How can we use technology to improve education in Tanzania?
Whilst I was still a young child, Tanzania's founding father and President Julius Nyerere, highlighted the benefits of mass education on accountability to the people:
"An educated Ujamaa Village, for example, will neither allow nor tolerate dishonesty among its accountants or authoritarianism among its leaders. An educated population will challenge the actions of its elected representatives, including its President."
- J, K. Nyerere (1967) Adult Education and Development
The Department for International Development (DFID) has inherited a somewhat unusual assignment - to support the Tanzanian government to purchase and distribute millions of textbooks (and lots of school desks) using funds resulting from a multi-million pound settlement between the UK Serious Fraud Office and a large company that provided an air traffic control system to Tanzania.
Going the last mile
In the spirit of Nyerere's wise words on education, we've been busy supporting a major tender exercise to be sure that the process and audit trail are all above board. However, the task to get a big stock of textbooks to all of Tanzania's 16,000+ mostly rural primary schools is complex. Centralised mass procurement exercises can fall down going the 'last mile' - stocks may be left rotting in warehouses or get diverted onto the black market for example. Crowd sourcing the monitoring of local distribution looks an attractive option with the government committed to widely publicising the book distribution plans.
Great experiments to monitor rural service delivery are being piloted in Tanzania, blending technological data systems with citizen empowerment measures to realise Nyerere’s vision of holding the government to account.
For example Population Services International (PSI) Tanzania have innovated with SMS messaging and digital GIS mapping to track condom stocks in local vendor’s shops (duku) and availability of anti-malarial drugs in clinics. To incentivise responses free mobile airtime scratch cards or credit is given once the response is received. Positive results of SMS for Life have included major reductions in stock-outs of life saving drugs and the generation of detailed maps of service coverage. However challenges have been encountered with getting the incentives right to sustain accurate, regular reporting and building human capacity to exploit the information generated.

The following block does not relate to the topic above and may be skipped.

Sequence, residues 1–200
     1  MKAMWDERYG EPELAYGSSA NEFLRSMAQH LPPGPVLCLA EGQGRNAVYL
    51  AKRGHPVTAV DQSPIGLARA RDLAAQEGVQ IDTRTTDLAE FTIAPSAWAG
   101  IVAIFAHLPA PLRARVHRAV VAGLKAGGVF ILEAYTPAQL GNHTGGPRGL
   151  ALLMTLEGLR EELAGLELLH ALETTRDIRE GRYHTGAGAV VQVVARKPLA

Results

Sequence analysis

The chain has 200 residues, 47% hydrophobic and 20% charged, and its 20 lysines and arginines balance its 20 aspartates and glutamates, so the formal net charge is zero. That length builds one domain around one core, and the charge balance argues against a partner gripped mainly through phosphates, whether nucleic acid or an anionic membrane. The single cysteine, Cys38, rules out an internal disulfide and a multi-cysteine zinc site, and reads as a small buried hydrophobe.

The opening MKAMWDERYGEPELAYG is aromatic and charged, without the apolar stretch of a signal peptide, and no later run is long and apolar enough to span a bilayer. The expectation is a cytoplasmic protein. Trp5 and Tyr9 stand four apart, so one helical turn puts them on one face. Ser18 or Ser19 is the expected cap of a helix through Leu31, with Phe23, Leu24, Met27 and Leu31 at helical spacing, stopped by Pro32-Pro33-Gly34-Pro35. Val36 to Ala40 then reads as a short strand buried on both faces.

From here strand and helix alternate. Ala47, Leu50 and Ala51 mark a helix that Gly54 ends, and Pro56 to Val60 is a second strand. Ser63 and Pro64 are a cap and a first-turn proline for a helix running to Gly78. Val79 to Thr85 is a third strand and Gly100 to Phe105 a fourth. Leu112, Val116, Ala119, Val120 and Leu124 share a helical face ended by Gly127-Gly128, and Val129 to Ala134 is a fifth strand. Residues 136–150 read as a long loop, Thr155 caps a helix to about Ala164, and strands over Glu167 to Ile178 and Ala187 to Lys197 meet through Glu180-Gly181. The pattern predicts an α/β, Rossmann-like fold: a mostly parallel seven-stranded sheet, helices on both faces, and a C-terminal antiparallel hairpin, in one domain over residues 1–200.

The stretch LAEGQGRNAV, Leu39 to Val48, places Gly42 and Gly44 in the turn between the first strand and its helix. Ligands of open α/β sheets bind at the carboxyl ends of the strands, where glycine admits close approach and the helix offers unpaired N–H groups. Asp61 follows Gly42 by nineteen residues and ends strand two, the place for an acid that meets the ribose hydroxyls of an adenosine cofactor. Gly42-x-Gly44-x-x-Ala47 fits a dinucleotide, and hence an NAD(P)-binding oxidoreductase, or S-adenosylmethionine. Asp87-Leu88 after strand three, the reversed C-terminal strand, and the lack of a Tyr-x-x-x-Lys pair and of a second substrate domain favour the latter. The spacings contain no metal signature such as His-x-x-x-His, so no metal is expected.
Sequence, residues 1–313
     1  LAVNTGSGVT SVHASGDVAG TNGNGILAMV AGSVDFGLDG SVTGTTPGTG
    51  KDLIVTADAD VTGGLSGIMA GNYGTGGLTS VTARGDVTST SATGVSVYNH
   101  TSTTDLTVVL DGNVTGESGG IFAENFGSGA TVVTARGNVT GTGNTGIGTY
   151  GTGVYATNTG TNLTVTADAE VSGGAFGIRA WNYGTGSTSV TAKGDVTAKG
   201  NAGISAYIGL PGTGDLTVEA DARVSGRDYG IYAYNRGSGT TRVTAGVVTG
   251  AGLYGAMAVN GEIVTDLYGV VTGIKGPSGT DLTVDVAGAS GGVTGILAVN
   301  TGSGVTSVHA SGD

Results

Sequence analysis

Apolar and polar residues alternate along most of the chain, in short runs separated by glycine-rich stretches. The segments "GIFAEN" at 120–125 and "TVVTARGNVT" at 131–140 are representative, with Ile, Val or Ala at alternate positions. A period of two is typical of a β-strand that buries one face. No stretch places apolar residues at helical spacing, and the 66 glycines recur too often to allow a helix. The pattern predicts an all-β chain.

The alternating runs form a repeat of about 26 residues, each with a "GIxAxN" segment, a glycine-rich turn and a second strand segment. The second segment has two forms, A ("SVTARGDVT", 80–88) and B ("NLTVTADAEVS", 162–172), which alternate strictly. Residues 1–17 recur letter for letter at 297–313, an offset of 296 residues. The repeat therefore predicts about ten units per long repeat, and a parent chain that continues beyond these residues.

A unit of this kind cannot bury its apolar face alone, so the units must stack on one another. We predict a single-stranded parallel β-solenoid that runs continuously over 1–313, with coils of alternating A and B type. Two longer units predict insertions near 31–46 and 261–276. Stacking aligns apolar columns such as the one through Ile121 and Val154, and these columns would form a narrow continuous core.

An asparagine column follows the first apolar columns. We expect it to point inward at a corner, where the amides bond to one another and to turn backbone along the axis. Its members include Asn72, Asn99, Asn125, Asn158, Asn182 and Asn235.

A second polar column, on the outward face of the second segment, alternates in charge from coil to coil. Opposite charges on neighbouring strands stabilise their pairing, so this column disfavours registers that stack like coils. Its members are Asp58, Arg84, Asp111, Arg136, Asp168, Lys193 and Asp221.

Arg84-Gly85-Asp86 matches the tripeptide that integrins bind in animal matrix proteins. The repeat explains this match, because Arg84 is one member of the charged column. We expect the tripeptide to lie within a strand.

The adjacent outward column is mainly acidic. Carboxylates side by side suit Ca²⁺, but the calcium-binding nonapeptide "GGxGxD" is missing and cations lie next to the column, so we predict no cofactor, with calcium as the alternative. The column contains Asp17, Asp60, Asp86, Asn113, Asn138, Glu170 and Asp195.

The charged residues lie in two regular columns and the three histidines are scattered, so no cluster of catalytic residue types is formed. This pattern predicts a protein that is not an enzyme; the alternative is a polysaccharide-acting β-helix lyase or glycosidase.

SMS for Life. Picture: Population Services International (PSI) Tanzania
UNICEF also managed an excellent, high impact textbook distribution campaign whilst I was in Zimbabwe using UK aid and other donor support. One idea that was trialled here was to get SMS text messages confirming book delivery back from school heads. A toll free number and guidance was given but the response rate was low. Visits to over 500 schools did confirm the books got out and were being put to good use, but this did take up staff time, vehicles, fuel, etc. We need to understand why this happened and learn from it - is it a question of incentive?
I'd love to see this sort of approach used to support 2013's mass distribution of school textbooks. I'm attracted by some kind of variant of PSI's use of free airtime - ideally with a telecoms sponsor partner - to provide the incentive for a response from a school representative or concerned parent and near real-time digital mapping to assist the government in quickly spotting and dealing with problems. Given the origins of the finance, it would be disastrous if the process was tainted by corruption or abuse.
Any suggestions most welcome please from the blogosphere!
What gives me confidence is that the Tanzanian government, people and business community share our goal for a successful book campaign and the blocks are falling into place. Government data is increasingly open and online. Tanzania's Science and Technology Commission: COSTECH has a dynamic business incubator for technology and application development start-ups. Civil society champions are already engaged in piloting cutting edge apps to promote accountability.
Great programmes or lesson learning will be showcased at the forthcoming Open Up! conference in London on 13 November 2012. This UK aid, Omidyar Network and Wired Magazine collaboration will highlight technology to open up and enable millions of citizens across the world to hold decision makers to account and change lives.
A wide range of schemes will be discussed including:
The Open Up! conference will bring together entrepreneurs, government and civil society to galvanise action in the fast-growing field of open government, to show how web and mobile technologies can drive more engagement of citizens in government and showcase entrepreneurs’ innovations and experiences from around the world. You'll be able to join in at www.openup12.org or by following #OpenUp12 0n Twitter.